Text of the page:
Beauty-queen-turned-actress Precious Lara Quigaman insists the Q&A part of the annual Binibining Pilipinas pageant shouldn’t determine a candidate’s level of intelligence.
“The pressure when you’re onstage, unsure of what to say, is indescribable,” says Quigaman, 2005 Miss International. “The candidates are told each year to prepare by reading up on current events. All the contestants should have expected that question on the RH [Reproductive Health Law].”
Quigaman was referring to the question asked at the recent Bb. Pilipinas pageant by judge Gloria Diaz, 1969 Miss Universe, on whether one could still be a good Catholic while supporting the RH Law, which the Catholic Church opposes.
“I know her,” Quigaman said of contestant Amanda Noelle Navasero, who was asked the controversial question. “She’s very smart—that should have been an easy question for her, but I guess she got too nervous.”
She observed that competition has gotten fiercer. “The contestants now are unlike those during my time, who were mostly shy and demure. Now, the girls are ready for anything. Their bodies are already in great shape. I remember I started taking the gym seriously only after I won.”
Quigaman is the fourth Filipino to have won the Miss International crown—after Gemma Cruz (1964), Aurora Pijuan (1970) and Melanie Marquez (1979). These days, Quigaman is busy with TV acting and taking care of her newborn, Noah Lamar Alcaraz. During a media gathering for Anmum milk, of which Quigaman is an endorser, she talked about how she and husband, actor Marco Alcaraz, have been adjusting to their new role as parents.
How are you as a mom?
Very protective. I don’t feel secure leaving Noah with anyone, even with Marco. I’m always scared he’d drop the baby. But although he comes across as happy-go-lucky, Marco wakes up readily when it’s his turn to feed the baby.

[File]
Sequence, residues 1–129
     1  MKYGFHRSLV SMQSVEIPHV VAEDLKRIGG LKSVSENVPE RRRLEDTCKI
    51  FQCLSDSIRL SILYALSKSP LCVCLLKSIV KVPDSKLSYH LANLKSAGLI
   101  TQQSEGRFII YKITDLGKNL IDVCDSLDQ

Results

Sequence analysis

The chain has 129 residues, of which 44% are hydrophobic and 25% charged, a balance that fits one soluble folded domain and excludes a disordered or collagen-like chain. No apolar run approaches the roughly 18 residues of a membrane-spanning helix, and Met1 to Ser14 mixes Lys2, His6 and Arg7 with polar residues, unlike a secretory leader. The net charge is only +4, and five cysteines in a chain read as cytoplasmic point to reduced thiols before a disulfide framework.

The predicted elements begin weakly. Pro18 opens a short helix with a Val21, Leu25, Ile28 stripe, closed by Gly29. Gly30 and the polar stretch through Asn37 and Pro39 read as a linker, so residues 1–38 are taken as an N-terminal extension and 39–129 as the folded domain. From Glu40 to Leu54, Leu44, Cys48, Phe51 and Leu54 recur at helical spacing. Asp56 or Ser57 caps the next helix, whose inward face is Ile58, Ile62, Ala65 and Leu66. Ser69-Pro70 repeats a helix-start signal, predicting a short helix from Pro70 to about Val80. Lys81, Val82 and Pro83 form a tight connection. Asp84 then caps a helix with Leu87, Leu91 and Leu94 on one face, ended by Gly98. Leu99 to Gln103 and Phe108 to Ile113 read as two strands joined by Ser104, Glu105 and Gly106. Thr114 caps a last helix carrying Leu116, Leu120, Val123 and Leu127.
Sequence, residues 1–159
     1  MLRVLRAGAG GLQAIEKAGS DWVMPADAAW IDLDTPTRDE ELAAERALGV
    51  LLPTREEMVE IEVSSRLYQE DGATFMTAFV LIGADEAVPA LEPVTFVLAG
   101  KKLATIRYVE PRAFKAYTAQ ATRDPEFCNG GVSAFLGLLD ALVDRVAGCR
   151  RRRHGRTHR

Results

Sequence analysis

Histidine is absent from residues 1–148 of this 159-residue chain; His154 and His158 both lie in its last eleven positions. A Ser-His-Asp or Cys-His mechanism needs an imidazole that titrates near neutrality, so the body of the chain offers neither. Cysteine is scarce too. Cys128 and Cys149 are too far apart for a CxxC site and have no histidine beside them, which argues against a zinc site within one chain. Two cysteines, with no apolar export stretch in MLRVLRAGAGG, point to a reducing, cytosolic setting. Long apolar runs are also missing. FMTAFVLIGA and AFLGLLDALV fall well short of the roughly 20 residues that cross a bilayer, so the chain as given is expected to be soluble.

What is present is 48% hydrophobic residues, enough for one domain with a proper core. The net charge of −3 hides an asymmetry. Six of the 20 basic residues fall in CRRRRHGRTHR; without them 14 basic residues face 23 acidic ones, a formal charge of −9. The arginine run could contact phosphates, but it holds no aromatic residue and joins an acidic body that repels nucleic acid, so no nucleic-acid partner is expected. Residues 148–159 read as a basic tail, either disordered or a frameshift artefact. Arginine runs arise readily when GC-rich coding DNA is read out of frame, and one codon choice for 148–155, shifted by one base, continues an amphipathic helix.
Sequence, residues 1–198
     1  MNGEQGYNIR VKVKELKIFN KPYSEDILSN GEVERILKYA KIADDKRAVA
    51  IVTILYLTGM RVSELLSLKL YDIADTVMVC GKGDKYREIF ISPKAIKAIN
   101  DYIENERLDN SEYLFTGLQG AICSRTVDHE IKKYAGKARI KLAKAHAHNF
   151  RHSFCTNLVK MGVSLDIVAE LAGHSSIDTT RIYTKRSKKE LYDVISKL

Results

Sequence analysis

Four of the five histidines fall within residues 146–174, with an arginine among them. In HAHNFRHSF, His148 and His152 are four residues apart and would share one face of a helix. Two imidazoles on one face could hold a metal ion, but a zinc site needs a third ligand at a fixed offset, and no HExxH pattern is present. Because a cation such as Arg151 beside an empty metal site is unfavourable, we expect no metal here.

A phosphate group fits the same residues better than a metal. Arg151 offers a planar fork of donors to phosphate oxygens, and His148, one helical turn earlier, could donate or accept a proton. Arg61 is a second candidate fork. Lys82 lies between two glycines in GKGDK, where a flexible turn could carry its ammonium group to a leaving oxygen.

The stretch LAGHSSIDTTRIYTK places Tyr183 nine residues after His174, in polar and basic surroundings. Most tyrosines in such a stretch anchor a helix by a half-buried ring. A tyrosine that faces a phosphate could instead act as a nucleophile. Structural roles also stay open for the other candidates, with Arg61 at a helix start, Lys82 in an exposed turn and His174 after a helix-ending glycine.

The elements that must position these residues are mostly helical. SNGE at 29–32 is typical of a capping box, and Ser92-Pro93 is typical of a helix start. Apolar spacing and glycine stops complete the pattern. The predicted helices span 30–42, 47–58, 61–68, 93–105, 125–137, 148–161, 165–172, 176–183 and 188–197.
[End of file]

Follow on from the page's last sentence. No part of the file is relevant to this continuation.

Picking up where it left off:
How are you adjusting to everything, now that you have Noah?
We don’t have a yaya. Marco and I take turns caring for him. This is why we can’t just go out when we want to. Our lifestyle change has been drastic. We have to think of the baby in everything we do.
Was your delivery difficult?
I wanted a normal delivery. Marco brought me to the hospital Nov. 9. My doctor gave me an epidural [anaesthesia]—it didn’t work. I felt every single contraction. The hospital said I was a rare case. Ten hours later, at an opening of seven cm, my doc said I wasn’t progressing. Plus, I had fever. I needed an emergency Cesarean Section. I didn’t want it, knowing that recovery is slower if a woman delivers by CS. I kept crying.
What was the most difficult part of your pregnancy?
The first part, because I had to keep it hush-hush. We were wed civilly on Jan. 1, 2011. I couldn’t tell anyone about the pregnancy until the big wedding day. It was hard because even while pregnant, I still had to work. I had to run part of the time, kneel in the mud, bathe in the rain. However, I made sure to do my research. I understood how a mom’s body is able to make the baby feel safe.
I also remember feeling a little bit depressed while pregnant. There were times when I felt ugly and fat. My husband was a big help, binobola pa ako. He would say, “You’re still the prettiest woman for me.” Dealing with the emotional aspect was more difficult than the physical.
They say a woman feels more fulfilled after she has become a mom. Is this true for you?
I’ve always dreamed of becoming a mother. Now, I feel this joy that’s very hard to describe. I kept thinking how awesome it is to be gifted with a child that sometimes I feel I don’t deserve.
What would you advise moms-to-be?
I want them to enjoy their pregnancy. I’ve met pregnant women who worry about every little thing. I keep saying, if you know that you’re doing things right and eating the right food, there’s no reason to worry. If you do, the baby gets affected, and that’s not good. The baby feels whatever you are feeling.